Most cases of prostate cancer are caught locally and successfully treated by surgical removal or radiation therapy. Treatment options for metastatic cancer, however, can only slow the spread of disease, but not cure it.
“We just don’t have enough agents to get people into good remissions or control the disease extensively,” said Austin Kirschner, M.D., assistant professor of radiation oncology at Vanderbilt University Medical Center. “We would love to make it so that even metastatic prostate cancer is controlled as more of a chronic illness.”
Kirschner is the lead investigator on a preclinical study recently published in the Journal for ImmunoTherapy of Cancer reporting that combining immunotherapy with radiotherapy may improve outcomes for patients with castration-resistant prostate cancer.
Drawing Immune Cells to the Tumor
Prostate tumors are poorly responsive to immunotherapy because they are ”cold” tumors, meaning they lack an active immune response.
“A key feature of prostate tumors is that they don’t really have any good immune infiltrates,” Kirschner said. “We triggered the immune infiltrate by treating with radiation.”
Pairing radiation therapy with cancer immunotherapy is an emerging clinical treatment paradigm. Although previous clinical trials have reported promising results when combining x-ray radiation therapy with ipilimumab for the treatment of castration-resistant prostate cancer, the findings were not robust enough to sway clinical practice.
These studies struck a chord with Kirschner, and he thought perhaps higher doses of radiation than those tested in the studies are required to trigger a sufficient immune response.
“What we’ve learned is that eight gray radiation, which is what they were using, is just barely at the beginning of where you start seeing an immune response. When you get to higher doses, like 10 or 20 gray, you get a stronger response.
An All-Around Success
“You can put two tumors in a mouse, treat one of them with radiation, and both tumors respond to the drug treatment – the radiation makes both tumors respond.”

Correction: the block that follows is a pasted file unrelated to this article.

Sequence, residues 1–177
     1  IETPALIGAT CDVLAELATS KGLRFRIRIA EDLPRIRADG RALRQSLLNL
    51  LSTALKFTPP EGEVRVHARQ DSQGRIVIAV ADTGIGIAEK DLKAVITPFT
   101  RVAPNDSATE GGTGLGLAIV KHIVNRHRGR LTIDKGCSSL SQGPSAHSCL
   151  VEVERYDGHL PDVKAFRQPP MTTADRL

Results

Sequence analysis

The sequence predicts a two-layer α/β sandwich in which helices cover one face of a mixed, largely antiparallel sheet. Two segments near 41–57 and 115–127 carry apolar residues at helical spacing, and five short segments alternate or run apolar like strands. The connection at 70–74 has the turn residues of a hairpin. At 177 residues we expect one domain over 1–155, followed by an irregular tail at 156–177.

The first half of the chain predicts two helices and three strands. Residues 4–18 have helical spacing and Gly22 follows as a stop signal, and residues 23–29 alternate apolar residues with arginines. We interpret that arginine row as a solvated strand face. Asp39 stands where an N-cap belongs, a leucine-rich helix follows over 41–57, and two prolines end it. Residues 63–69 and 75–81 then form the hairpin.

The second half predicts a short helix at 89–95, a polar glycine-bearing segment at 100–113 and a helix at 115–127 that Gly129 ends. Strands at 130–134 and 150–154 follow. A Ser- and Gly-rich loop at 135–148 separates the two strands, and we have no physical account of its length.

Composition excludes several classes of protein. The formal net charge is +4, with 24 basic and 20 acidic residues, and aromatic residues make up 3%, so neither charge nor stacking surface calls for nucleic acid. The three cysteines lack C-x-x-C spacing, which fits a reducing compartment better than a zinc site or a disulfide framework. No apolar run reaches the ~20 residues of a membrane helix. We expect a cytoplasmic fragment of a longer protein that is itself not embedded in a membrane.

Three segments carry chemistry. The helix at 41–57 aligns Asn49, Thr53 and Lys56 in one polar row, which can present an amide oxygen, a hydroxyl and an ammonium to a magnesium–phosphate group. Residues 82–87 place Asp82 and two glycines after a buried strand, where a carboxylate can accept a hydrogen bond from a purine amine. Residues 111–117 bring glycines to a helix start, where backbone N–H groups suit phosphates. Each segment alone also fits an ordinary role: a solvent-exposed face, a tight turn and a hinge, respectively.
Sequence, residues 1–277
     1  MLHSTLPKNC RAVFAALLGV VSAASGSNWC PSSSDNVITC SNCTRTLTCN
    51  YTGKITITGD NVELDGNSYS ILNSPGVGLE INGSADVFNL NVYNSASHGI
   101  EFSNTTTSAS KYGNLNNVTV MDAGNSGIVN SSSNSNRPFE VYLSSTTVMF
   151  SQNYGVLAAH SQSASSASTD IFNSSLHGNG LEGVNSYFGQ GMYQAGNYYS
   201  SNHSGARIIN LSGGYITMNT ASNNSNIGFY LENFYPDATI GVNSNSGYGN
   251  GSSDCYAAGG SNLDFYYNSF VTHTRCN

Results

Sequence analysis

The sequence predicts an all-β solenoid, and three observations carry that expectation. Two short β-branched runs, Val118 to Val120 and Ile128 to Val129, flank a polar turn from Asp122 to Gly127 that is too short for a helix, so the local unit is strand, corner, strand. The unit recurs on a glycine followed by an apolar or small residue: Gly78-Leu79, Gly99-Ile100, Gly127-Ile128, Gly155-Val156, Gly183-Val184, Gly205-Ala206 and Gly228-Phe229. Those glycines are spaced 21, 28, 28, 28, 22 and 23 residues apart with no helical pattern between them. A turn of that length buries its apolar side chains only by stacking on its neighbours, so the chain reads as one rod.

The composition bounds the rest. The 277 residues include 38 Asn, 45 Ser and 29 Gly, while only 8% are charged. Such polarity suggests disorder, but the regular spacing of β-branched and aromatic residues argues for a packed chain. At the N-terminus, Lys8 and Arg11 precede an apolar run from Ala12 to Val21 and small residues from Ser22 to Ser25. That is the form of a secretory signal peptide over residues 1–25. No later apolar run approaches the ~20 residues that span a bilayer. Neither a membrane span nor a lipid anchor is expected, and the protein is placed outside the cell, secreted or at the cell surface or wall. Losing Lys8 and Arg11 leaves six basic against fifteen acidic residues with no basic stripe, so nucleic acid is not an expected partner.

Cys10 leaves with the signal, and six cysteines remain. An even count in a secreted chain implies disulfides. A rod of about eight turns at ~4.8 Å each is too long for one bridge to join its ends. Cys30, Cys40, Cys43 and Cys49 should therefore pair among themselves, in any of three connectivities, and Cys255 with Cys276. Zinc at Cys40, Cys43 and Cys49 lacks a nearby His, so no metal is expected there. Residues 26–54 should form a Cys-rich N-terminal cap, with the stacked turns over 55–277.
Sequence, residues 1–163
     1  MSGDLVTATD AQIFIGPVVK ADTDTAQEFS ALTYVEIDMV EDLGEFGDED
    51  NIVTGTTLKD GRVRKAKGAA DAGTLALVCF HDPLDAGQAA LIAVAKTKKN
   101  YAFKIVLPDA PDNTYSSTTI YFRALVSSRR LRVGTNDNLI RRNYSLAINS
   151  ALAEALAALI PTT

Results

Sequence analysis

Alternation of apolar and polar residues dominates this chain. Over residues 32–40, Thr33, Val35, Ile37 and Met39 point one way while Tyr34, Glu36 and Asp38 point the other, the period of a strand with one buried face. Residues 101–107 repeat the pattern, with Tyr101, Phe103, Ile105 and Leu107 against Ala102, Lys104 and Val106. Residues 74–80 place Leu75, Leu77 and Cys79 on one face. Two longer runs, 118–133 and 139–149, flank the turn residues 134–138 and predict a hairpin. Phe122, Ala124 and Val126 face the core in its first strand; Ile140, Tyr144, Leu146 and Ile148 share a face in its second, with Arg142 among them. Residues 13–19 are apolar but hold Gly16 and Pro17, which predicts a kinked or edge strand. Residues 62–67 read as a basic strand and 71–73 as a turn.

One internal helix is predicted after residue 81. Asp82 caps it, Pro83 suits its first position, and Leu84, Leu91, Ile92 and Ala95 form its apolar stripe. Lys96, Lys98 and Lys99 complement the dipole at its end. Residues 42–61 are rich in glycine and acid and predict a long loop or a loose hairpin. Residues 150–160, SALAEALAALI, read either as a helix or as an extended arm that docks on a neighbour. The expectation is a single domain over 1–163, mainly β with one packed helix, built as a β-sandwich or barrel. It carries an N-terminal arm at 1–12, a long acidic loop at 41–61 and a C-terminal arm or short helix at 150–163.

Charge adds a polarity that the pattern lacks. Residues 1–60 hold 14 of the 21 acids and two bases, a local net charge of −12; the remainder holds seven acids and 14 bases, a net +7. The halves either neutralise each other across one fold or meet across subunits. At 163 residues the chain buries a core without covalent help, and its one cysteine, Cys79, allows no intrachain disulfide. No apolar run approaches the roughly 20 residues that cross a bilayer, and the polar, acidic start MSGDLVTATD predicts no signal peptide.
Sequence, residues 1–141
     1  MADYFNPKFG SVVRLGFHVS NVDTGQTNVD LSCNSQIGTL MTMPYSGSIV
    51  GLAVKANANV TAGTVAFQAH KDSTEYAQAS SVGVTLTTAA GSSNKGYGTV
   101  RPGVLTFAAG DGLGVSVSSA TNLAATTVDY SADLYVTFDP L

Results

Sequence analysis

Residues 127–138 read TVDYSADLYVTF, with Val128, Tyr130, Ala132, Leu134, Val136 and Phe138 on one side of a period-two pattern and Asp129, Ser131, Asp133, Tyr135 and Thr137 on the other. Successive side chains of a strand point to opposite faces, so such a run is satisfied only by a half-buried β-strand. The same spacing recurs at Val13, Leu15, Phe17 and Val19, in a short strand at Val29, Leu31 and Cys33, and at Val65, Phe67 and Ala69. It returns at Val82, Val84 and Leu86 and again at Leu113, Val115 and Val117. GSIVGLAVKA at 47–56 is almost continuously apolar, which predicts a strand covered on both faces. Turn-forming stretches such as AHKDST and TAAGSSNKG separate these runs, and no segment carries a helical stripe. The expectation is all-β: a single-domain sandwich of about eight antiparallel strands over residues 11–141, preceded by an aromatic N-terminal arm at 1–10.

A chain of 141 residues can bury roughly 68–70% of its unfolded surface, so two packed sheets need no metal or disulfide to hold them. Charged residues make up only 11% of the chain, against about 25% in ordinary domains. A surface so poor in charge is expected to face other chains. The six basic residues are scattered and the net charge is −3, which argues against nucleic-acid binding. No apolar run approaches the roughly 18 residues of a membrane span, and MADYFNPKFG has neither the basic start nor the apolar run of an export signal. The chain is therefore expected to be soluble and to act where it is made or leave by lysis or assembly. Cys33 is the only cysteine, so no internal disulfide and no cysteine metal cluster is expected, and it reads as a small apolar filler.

Kirschner and his research team established two tumors in different locations in a mouse model of castration-resistant prostate cancer. The mice were treated with either anti-PD-1 or anti-PD-L1 antibodies and one of the tumors was irradiated with a total of 20 gray radiation in two fractions. The dual approach caused regression of the irradiated tumor as well as the unirradiated distant tumor.
“We call it an abscopal effect, meaning it’s outside the scope of radiation in the field,” Kirschner explained. “You can put two tumors in a mouse, treat one of them with radiation, and both tumors respond to the drug treatment – the radiation makes both tumors respond.”
The researchers also found that the combination of radiation therapy with cancer immunotherapy significantly increased survival. Compared to antibody treatment alone, the median survival was 70 to 130 percent longer when radiotherapy was combined with anti-PD1 or anti-PD-L1, respectively.
Optimizing the Approach
Kirschner is currently working to determine the best dose and the right sequencing. “The concept that we published about was sufficient to get a response, but it might not be optimal. For example, if we increase the radiation dose a little bit, do we get a better response?”
“Another big question is how to sequence them,” Kirschner said. “Should you give the radiation first or the drug first? Or should you give them at the same time? We’re testing a landscape of treatment variations to see where the best response can be seen.”
He is also hoping to follow up with a clinical trial. “My motivation comes from seeing patients who are very poor off, don’t have good options, and need more help. We want to see whether this approach could be used as an alternative to other agents or as a new line of therapy.”